As far as this goes, it was a stroke of bad luck and hurried timing that this bug wasn't ironed out in 2.4.15-pre9 before it went final (and somewhat of a stroke of stupidity on the parts of the early adopters, myself included).

      When 2.2n+1.0 is released, 2.2n continues development, making it the stable tree. Any fixes to bugs found in the 2.2n+1.x tree are back-merged to the current stable tree so that end-users can enjoy a stable, debugged kernel without riding the bleeding edge.

      The problem with the Linux kernel numbering system is that the "stable" tree is only stable when there's a "development" tree to test the uncharted waters for it... if there isn't one, it's best to stay back a few revisions unless you like running fsck. ;)
    • Re:Really... (Score:5, Insightful)

      by Anonymous Coward on Saturday November 24, 2001 @01:46PM (#2607155)
      (Inven: r-r, * to see, ESC) Wear/Wield which item? r
      You are wielding a Rant Stick (1d2) (+0,+0) (*slay* kernel developer)(a).

      It's not so much that it wasn't stable enough when it was released, but rather that they keep messing with 2.4 instead of making a 2.5. I think maybe Linus had this idea (at the end of 2.3) that the developers could focus on fixing bugs and make 2.4 really great. Unfortunately, they're volunteer developers, so they're working on things that excite them, which means insane stuff like VM rewrites and other "hey, let's try this" changes.

      This is why I still use 2.2 and will until there has been a 2.5 for a while (so the developers have a place to try their unstable new ideas) and 2.4 has gone into "bug-fix" mode (like 2.2 is now). It's really annoying, because I want some of the new features of 2.4 (the ones introduced back in 2.3), but can't afford to have the thing crashing on me, and don't want to spend a long time looking for a stable 2.4.X.

      Maybe next time, Linus won't wait so long to introduce a development version, or will at least refuse anything but bugfixes in so-called "stable" branches. Still, despite my complaining, I am happy that people have gone through all the trouble to write the Linux kernel, and will try to remember that. :)
  • A Workaround (Score:4, Informative)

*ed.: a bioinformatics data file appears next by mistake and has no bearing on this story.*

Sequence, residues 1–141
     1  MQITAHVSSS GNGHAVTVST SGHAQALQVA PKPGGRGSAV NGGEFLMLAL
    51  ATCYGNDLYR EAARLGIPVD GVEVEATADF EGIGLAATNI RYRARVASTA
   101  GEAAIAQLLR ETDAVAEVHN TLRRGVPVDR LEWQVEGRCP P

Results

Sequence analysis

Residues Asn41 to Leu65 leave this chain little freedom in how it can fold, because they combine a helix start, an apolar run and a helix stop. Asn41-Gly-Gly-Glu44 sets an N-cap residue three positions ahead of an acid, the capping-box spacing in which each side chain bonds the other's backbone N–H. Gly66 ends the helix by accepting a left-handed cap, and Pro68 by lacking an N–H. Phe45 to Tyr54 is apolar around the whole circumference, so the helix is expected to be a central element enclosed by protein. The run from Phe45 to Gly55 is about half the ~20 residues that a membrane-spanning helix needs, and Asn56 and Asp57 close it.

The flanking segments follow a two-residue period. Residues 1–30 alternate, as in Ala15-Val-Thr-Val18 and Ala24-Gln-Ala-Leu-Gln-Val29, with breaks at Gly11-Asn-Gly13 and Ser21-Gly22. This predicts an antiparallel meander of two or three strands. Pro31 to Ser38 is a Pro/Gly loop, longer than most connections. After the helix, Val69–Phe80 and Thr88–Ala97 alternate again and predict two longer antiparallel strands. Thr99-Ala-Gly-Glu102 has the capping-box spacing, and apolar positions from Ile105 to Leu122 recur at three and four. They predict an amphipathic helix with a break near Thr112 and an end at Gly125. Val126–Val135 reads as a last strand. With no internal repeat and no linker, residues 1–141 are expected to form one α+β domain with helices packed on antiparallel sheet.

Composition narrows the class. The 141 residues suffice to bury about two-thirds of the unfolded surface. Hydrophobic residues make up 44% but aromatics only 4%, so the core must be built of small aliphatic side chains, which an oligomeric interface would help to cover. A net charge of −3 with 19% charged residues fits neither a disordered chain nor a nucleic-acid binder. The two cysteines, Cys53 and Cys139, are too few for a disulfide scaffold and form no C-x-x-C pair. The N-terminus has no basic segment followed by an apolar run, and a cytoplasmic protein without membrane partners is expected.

by kanelephant ( 142254 ) on Saturday November 24, 2001 @01:26PM (#2607081)
    Al Viro gave this comment and workaround on lkml.
    Breakage happens when you umount filesystem (_any_ local filesystem, be it ext2, reiserfs, whatever) that still has dirty inodes.

    As a workaround - sync before umount (and don't boot unpatched 2.4.15/2.4.15-pre9 again, obviously).

    IOW, if you are running 2.4.15 - build a patched kernel, install it and do the following:
    * switch to single-user
    * sync
    * umount everything non-busy
    * remount the rest read-only
    * turn the thing off
    * boot with patched kernel or with anything before 2.4.15-pre9

    The filesystem corruption can be fixed by a forced fsck. (The fsck must be forced since the filesystem is marked clean.)
    • Re:A Workaround (Score:3, Informative)

      by kanelephant ( 142254 )
      sorry I didnt make that clear. If you follow the above advice you should not get any filesystem corruption. The last line is what to do if you have already got a corrupt filesystem!
    • Re:A Workaround (Score:3, Interesting)

      by Anonymous Coward
      The strange thing is, out of habit (years ago, you always had to remember to sync on Unix, and due to a bug, you always had to sync more than once), I always sync, sync, sync, umount...
  • by MentlFlos ( 7345 ) on Saturday November 24, 2001 @01:28PM (#2607088)
    I hope /. dosent mangle this up too bad, but if it does:
    http://marc.theaimsgroup.com/?l=linux-kernel&m=100 658174003122&w=2

    List: linux-kernel
    Subject: Re: 2.4.15-pre9 breakage (inode.c)
    From: Linus Torvalds
    Date: 2001-11-24 5:55:42
    [Download message RAW]

    On Sat, 24 Nov 2001, Andrea Arcangeli wrote:
    > --- 2.4.15pre9aa1/fs/inode.c.~1~ Thu Nov 22 20:48:23 2001
    > +++ 2.4.15pre9aa1/fs/inode.c Sat Nov 24 06:30:20 2001
    > @@ -1071,7 +1071,7 @@
    > if (inode->i_state != I_CLEAR)
    > BUG();
    > } else {
    > - if (!list_empty(&inode->i_hash) && sb && sb->s_root) {
    > + if (!list_empty(&inode->i_hash)) {
    > if (!(inode->i_state & (I_DIRTY|I_LOCK))) {
    > list_del(&inode->i_list);
    > list_add(&inode->i_list, &inode_unused);

    I have to say that I like this patch better myself - the added tests are
    not sensible, and just removing them seems to be the right thing.

  • Strange (Score:5, Insightful)

    by imrdkl ( 302224 ) on Saturday November 24, 2001 @01:32PM (#2607101) Homepage Journal